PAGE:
PBOT was focused on the Atlantic population of Painted Buntings, but we are no longer accepting sightings at this point in time. We would like to thank those whom have contributed to our research and greatly appreciate all the photos and data sent in.
What were the objectives of the PBOT study?
By observing and reporting the activity of Painted Buntings at the feeder, volunteers helped researchers develop data on populations in a variety of habitats (urban, suburban and rural) across a vast geographical area (including coastal and inland environments). The data included quantifiable demographic parameters such as population distribution, density and abundance; adult and juvenile survival; and behavioral patterns of site-fidelity and habitat use.
Why did PBOT band Painted Buntings?
Capturing and banding Painted Buntings allowed us to identify an individual bird throughout its life. Through resightings and recaptures of our banded birds, we gained knowledge about a variety of life characteristics, including site fidelity, dispersal and migration, life-span and survival rate, reproductive success and population growth, and the behavior of individual Painted Buntings.
When our trained banding staff captured a Painted Bunting, they first identified its age, sex, assessed its fat accumulation, feather molt and wear, to help track its overall health. Then, they carefully attached a unique combination of three brightly-colored bands and one silver band that was etched with an identifying number from the US Bird Banding Laboratory. Because the etched number is too small to see from afar, the unique combination and arrangement of the colored bands with the silver band is what allows our volunteers to identify an individual bird at the feeder. The combination also indicated the state location (NC, SC, FL) of banding, allowing researchers to more quickly determine characteristics of the bird when it was resighted.
PBOT banded several thousand individual Painted Buntings in over 60 locations in North and South Carolina since the summer of 2005 until the beginning of 2015. This produced an extensive record of the habits and migration patterns of these birds.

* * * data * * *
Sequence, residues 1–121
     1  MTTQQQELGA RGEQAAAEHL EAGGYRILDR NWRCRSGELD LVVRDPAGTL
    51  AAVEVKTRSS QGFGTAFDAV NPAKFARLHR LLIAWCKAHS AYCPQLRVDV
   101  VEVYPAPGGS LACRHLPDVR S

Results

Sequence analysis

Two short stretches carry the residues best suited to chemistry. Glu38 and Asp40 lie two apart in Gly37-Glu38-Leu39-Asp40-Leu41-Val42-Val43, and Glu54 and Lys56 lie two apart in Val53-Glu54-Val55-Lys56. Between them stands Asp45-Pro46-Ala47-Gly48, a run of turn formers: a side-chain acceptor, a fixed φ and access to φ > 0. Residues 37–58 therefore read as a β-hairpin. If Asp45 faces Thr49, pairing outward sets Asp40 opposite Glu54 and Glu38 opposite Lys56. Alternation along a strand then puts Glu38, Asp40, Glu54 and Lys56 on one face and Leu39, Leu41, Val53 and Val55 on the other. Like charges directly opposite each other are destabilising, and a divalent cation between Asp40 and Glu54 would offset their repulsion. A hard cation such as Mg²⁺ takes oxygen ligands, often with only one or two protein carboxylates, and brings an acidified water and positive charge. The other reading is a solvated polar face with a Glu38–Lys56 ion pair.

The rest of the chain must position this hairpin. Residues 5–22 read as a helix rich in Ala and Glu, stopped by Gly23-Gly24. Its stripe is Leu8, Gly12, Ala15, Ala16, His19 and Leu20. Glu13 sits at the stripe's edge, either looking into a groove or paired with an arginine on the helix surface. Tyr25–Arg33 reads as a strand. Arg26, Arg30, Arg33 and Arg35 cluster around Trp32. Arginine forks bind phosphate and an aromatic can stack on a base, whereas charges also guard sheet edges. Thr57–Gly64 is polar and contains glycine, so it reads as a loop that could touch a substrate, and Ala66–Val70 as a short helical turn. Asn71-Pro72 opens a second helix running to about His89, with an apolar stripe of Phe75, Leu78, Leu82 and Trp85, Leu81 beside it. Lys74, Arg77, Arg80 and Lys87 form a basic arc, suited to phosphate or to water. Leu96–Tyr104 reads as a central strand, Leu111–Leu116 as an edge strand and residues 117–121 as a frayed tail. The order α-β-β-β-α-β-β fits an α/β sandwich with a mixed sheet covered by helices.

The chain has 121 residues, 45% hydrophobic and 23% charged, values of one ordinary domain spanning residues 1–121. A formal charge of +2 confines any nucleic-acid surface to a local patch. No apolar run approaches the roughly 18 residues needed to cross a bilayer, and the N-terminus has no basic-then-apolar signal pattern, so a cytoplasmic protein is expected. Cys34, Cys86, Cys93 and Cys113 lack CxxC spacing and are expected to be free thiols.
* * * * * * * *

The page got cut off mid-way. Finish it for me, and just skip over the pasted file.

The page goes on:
Does banding hurt the bird?
No - or we would not do it! Over the years, the banding process and the bands have been tested and refined to prevent injury or discomfort to the birds.
I have a banded Painted Bunting! How do I identify the colors?
What is a "citizen scientist" and how do they help with research?
A "citizen scientist" is a volunteer who makes observations or measurements in order to assist scientific research. You do not need to have any specific scientific background to become a citizen scientist, and there are many types of citizen science projects you can get involved in! Painted Buntings are frequent visitors to the backyard feeder, making them an ideal species to study using the help of citizen scientists. With the help of volunteer observers, we determined the abundance and distribution of Painted Buntings at backyard feeders and detect population patterns across a wide range of coastal and inland environments, from small suburban backyards to large rural properties.
Are Painted Buntings an "endangered” or “threatened” species
No. Painted Buntings are neither an endangered species nor a threatened species under the Endangered Species Act (see website here for ESA details). Painted Buntings were classified as a "Focal Species" by the US Fish and Wildlife Services (USFWS).
Is there a human-caused threat to Painted Buntings?
Yes! Because of their colorful plumage, male Painted Buntings are often the target of the caged bird market. Although illegal in the United States, there is still a legal market for caged wild birds in Mexico, Cuba, and other countries. Please report any caged Painted Buntings in the United States to your local wildlife authorities!
Where do I enter my PBOT observations now?
Where do I enter my Painted Bunting observations now?
Please enter your observations at "ebird". This a fantastic tool used all over the US and the world to enter bird observations. You can keep your data and refer to it at any time. Also, there is an "ebird" app available for smartphones. This is the new way to keep track of your observations! Please click here for the link to The Cornell Laboratory of Ornithology's site and sign up for "ebird".